Bipolar mania and hypomania kidnap the brain.  I never knew it was coming but when I was in the middle of it, no amount of will or wishing or prayer could stop the inevitable from happening.  I was on fire, taken over by a flood of neurotransmitters that transported me to places I hadn’t asked to go.  When my brain was hijacked in this way, I had thoughts I’d never have in my right mind and was propelled into actions that my sane self would never do.  I became a super surfer, careening along the surface of a tidal wave moving at terrible speed. My sleep was disrupted but I didn’t care because I had boundless energy.  I was overly chatty with strangers and mistakenly believed that I could write novels and plays.  I spent money recklessly and I was the smartest guy in the room.  

It was like being taken against my will to a place I no longer knew.  Jack didn’t ask for his downward spiral and I never asked for my upward ones.  His course was a one way ticket downward but bipolar disorder has cyclical escalations with repeated episodes of insanity interspersed with periods of normalcy.

This might sound like it’s a lot of fun but it wasn’t.  During these times, I was irritable, agitated, anxious and argumentative.  Each time one of my elevated periods burned out, my awareness of how I had behaved and the degree to which I had lost my mind were laid bare and lead to crushing guilt.  Eventually, hypomania brought me to my knees.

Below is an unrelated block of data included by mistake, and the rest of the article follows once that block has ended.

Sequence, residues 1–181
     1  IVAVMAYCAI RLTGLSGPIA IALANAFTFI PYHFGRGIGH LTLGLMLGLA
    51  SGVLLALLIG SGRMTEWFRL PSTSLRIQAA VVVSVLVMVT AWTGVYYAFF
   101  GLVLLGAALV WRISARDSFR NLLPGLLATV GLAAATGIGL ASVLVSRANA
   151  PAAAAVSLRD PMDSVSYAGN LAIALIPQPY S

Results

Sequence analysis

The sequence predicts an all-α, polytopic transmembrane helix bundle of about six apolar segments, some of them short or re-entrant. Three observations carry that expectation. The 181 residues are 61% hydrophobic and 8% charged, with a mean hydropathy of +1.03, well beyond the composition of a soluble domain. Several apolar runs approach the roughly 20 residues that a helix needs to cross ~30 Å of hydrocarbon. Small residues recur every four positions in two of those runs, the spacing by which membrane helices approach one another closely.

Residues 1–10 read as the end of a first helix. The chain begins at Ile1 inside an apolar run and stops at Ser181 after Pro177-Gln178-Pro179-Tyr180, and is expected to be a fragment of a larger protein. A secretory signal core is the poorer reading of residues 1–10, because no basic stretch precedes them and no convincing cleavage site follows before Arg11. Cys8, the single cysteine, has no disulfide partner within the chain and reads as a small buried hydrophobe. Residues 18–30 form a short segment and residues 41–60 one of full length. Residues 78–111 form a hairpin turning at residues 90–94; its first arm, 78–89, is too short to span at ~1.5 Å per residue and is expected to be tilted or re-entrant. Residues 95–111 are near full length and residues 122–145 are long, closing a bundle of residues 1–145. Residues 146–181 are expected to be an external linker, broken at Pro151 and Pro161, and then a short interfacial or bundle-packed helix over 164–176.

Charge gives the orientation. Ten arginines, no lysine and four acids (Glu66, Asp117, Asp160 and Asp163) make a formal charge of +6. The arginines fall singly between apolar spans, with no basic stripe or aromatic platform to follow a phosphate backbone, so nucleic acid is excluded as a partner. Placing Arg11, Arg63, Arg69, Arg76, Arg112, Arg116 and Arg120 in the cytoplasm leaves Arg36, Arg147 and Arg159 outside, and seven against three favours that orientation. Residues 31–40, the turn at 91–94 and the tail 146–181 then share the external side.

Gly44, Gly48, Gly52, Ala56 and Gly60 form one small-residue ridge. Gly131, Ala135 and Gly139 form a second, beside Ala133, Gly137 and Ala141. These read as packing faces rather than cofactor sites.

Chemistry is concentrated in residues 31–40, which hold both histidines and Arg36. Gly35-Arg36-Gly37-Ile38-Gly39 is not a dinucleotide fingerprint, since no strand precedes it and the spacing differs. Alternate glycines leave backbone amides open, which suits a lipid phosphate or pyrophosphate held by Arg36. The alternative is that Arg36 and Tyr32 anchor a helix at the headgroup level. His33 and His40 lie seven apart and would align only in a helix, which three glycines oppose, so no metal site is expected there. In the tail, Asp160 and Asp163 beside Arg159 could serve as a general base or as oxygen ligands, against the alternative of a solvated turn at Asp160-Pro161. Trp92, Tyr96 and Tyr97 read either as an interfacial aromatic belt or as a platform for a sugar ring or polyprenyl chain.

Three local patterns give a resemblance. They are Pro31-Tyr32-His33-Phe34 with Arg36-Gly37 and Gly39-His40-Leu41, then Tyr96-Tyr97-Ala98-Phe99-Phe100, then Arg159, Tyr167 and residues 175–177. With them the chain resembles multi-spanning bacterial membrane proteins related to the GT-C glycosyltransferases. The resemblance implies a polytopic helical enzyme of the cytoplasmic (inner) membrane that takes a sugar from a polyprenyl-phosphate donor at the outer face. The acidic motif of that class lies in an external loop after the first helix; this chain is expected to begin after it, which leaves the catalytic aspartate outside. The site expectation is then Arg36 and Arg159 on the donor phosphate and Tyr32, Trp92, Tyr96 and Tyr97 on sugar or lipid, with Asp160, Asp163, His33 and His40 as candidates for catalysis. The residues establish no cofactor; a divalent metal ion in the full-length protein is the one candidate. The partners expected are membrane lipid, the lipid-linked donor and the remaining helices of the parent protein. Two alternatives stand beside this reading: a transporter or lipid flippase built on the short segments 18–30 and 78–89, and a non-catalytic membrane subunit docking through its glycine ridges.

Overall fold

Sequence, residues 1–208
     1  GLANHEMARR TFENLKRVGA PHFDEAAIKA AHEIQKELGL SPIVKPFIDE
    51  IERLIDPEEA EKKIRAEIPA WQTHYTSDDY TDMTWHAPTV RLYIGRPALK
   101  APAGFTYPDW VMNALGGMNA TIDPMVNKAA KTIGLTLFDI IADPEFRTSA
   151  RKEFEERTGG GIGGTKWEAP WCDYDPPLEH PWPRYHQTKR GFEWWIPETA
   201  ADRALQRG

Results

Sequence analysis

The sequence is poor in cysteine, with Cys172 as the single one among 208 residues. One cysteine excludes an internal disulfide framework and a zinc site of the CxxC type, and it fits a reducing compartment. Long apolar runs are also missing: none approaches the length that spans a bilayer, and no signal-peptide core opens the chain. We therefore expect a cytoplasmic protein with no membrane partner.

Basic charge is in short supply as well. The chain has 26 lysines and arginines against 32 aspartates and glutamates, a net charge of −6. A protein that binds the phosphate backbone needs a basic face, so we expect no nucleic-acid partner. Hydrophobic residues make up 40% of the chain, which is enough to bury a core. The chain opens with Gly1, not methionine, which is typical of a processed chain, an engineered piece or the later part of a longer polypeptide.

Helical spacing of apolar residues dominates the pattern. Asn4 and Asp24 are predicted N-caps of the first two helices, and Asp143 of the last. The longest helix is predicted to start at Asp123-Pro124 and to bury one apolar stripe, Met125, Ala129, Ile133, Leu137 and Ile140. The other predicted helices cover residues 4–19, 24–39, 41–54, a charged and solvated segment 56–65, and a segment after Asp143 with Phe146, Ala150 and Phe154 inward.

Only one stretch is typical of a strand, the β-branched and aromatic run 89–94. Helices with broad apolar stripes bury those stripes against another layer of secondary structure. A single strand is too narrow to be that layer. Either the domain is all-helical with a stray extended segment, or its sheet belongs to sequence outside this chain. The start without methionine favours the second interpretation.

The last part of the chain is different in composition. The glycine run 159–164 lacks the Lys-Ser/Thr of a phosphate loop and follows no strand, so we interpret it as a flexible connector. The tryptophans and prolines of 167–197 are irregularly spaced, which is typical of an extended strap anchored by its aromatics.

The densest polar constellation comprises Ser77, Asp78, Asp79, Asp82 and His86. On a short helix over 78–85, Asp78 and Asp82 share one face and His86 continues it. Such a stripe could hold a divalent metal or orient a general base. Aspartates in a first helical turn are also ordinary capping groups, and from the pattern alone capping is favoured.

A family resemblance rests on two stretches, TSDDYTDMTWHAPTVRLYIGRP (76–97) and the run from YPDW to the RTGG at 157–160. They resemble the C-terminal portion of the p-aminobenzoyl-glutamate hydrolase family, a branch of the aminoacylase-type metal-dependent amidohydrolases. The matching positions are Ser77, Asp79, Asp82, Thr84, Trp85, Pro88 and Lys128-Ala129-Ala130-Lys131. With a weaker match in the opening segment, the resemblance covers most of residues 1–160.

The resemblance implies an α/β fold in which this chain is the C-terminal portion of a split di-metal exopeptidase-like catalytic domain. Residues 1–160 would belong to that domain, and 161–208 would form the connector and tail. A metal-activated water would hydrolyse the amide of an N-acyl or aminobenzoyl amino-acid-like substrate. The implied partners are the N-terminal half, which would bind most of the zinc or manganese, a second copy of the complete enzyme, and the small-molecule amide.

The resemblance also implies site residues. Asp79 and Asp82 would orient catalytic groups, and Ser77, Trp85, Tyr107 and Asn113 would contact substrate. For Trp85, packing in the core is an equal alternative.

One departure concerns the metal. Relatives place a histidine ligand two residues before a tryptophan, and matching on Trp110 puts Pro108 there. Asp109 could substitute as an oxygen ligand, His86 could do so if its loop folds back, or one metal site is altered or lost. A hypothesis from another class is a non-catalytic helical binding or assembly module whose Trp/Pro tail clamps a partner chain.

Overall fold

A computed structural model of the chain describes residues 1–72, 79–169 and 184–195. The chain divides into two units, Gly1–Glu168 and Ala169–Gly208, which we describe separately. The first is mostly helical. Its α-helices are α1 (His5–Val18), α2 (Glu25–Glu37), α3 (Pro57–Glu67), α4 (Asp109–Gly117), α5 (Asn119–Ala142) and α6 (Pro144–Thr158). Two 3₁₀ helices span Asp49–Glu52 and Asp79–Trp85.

My turning point

After years of worsening mood cycles, I was finally standing in front of the bathroom door, like Jack, with an axe, unable to hold back my primal urges. My visceral id was intent on propelling me through that door no matter what. Unfortunately for me, what lay on the other side was a lot worse than a frightened Shelly Duvall. In my elevated state, I was catapulted forward and suddenly my life was at risk. It was this traumatic event that finally forced me into psychiatric care. I realized that I was either going to put down that axe and get treatment or I was going to destroy all that I held dear. There could be no more fractured doors in my future. There could be no more Mania and The Shining.

I am at my best

When Jack does begin to break through the bathroom door, he maniacally peers through the hole he just created. At that moment, he was at his worst and now years later and well treated, I am at my best. We all have primitive beasts inside but mine have been tucked away for years. The only shining I now see ahead of me are the bright lights of all the healthy days yet to come.

Do you have a story of mania? I’d like to hear from you